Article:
“We’ve seen a significant increase of applicants from backgrounds of mental health issues and we have to be especially careful to ensure that the right support is in place for students to succeed given that we uniquely disregard previous qualifications. Paradoxically this can mean that we create more of a bond of trust with out prospective students prior to starting the course so that we can adequately understand their personal needs. We have successfully supported students with mental health conditions including bipolar, depression, anxiety, and psychosis, as well as students with learning disabilites and neurodiverse conditions, to complete their awards with us.”
Community Music will continue to offer additional support where needed for students on our degree course with additional issues, but Mind the Music will enable a greater level of support, including more one-to-one sessions with students and tutors, a new Mental Health Strategy and regular mental wellbeing drop in sessions. Through Mind the Music we aim to increase dialogue with students on the issues they need support with, and to increase retention of students with mental health issues.
Read Wednesday’s Mental Health Awareness Week Blog #3 for powerful stories of music and mental health, from two of our students.
We have established a new relationship with Tower Hamlets and Newham Child and Adolescent Mental Health Services (CAMHS), where creative interventions are currently limited. We are offering one-to-one and group sessions to young people accessing CAMHS services. These sessions focus around an 'in the moment' experience of enjoyment of music, inviting active participation, creativity, exploration, and self-expression. The sessions are based around enabling music making, rather than a focus on learning. We are able to offer pathways from these music sessions (which may be held in a CAMHS specialist care ward or at our base in Whitechapel) onto our academic courses for young people who may wish and be able to move towards that option.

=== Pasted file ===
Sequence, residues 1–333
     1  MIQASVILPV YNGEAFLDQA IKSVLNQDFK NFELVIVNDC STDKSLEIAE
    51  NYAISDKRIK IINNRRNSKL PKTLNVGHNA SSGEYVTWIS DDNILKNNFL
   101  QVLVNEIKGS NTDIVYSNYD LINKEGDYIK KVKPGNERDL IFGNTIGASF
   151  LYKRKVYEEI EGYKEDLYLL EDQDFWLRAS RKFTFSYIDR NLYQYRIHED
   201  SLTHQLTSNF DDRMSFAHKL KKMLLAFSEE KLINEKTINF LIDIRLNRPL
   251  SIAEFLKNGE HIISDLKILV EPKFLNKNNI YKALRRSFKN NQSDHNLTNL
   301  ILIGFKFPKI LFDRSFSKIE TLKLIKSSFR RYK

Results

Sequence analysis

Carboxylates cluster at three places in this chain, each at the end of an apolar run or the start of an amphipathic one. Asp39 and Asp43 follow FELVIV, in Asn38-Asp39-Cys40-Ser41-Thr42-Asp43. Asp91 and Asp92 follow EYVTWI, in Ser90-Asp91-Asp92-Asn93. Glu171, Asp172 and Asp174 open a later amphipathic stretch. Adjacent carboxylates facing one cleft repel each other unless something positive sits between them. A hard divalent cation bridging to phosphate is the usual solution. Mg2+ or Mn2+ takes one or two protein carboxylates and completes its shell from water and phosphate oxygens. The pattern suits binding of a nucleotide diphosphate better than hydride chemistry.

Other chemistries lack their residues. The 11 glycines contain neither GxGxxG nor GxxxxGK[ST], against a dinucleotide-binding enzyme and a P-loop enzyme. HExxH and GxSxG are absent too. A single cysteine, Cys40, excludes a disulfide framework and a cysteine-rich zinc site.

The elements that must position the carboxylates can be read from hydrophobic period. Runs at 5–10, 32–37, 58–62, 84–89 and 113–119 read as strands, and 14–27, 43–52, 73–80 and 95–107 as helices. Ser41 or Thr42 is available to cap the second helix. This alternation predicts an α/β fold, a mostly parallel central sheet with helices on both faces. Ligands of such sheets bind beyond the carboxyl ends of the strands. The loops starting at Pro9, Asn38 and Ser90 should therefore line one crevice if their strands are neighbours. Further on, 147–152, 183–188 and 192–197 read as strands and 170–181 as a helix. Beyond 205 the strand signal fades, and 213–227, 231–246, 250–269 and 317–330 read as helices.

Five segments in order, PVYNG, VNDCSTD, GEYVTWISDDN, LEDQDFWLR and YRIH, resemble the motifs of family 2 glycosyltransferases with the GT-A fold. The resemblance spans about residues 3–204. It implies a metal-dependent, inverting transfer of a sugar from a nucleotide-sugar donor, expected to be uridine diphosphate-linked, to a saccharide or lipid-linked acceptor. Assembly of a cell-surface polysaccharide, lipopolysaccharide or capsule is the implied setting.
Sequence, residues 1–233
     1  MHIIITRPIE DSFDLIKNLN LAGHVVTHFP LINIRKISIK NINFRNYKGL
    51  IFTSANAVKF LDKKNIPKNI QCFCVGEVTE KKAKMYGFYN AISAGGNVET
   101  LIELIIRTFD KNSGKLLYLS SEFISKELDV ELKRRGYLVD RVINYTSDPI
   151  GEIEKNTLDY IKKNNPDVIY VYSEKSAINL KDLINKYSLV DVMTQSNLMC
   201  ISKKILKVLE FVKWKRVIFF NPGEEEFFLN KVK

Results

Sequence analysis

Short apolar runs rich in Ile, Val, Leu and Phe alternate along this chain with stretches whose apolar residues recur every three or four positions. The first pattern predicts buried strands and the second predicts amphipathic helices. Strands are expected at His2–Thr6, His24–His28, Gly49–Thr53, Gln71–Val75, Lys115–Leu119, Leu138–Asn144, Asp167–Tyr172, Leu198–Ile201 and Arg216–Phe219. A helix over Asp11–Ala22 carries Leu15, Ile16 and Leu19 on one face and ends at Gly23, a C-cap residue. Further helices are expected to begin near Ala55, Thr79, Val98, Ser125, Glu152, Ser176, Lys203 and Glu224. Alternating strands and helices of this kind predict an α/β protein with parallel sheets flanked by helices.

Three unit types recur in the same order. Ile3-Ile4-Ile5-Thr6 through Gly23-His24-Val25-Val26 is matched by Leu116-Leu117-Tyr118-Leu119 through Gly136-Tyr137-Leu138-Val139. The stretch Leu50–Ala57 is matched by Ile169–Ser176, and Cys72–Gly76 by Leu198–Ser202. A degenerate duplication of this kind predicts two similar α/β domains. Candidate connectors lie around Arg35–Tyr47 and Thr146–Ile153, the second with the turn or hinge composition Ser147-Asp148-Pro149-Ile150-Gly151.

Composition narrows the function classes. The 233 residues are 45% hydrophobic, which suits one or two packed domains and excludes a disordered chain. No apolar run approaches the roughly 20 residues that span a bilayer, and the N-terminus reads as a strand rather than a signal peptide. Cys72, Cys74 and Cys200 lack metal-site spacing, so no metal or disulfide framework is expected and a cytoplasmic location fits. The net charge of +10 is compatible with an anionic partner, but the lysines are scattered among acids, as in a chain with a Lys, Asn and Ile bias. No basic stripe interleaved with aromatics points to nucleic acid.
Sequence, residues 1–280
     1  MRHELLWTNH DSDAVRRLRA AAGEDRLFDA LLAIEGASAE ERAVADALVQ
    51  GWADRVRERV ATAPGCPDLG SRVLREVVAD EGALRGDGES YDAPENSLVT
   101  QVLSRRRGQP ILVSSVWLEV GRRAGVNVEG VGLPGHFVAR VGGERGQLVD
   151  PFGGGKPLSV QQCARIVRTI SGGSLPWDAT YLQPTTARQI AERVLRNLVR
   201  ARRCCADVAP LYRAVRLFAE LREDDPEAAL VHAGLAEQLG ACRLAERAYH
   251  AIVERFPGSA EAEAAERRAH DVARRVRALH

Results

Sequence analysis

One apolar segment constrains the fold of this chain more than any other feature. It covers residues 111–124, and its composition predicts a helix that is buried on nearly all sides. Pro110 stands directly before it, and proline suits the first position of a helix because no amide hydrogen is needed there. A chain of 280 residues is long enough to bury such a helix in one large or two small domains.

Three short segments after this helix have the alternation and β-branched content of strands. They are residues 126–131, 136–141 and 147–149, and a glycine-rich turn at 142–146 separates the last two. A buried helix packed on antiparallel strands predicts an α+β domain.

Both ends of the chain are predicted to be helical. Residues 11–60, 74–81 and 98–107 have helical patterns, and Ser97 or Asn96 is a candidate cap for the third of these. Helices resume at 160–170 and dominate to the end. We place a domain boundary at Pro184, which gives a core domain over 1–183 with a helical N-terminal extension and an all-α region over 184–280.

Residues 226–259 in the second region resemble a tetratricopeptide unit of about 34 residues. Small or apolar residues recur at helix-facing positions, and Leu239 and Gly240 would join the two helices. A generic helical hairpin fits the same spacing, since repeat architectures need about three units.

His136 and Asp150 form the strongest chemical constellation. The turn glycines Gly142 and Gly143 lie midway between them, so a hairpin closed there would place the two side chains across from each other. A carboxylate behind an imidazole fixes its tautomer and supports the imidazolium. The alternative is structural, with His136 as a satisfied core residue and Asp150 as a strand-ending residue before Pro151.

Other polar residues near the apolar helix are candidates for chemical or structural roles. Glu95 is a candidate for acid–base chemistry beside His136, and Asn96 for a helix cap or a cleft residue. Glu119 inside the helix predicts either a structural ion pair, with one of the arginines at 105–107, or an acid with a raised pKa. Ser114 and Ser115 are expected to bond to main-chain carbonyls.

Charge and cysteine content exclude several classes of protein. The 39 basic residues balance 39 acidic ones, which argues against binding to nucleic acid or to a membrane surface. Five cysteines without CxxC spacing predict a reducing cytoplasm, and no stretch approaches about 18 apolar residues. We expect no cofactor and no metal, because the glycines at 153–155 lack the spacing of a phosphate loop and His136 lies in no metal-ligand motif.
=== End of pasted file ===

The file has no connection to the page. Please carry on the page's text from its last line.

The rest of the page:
There is robust recent evidence from a number of sources that shows the dynamic impact that creative participation in the arts has on young people’s mental health and wellbeing. This includes a wide-ranging parliamentary health and the arts report (Creative Health: The Arts for Health and Wellbeing Report 2017), and individual project evaluations (for example the Music in Mind Evaluation by Dr Alison Daubney in February 2017). It is now accepted at government level that creative activity assists in overall health and has a particularly powerful effect on mental health amongst the young.
One programme doing wonderful work in the South East is Rhythmix’s Music In Mind – watch a film on their work here:
With these three main strands of Training, Student Support and Outreach, Mind the Music aims to make a positive difference in the mental wellbeing of young people with mental health issues in East London through creative music making, increased facilitator training, and effective support for all students enrolled on Community Music courses.
We will evaluate our work throughout the programme and look forward to this report supporting the growth of creative interventions alongside mental health services.
If you are a music leader who would like to hear more about our future training sessions, or if you would like to know more about any aspect of the Mind the Music programme, please email firstname.lastname@example.org
Mind the Music is funded by the JA Clarke Trust and Children in Need.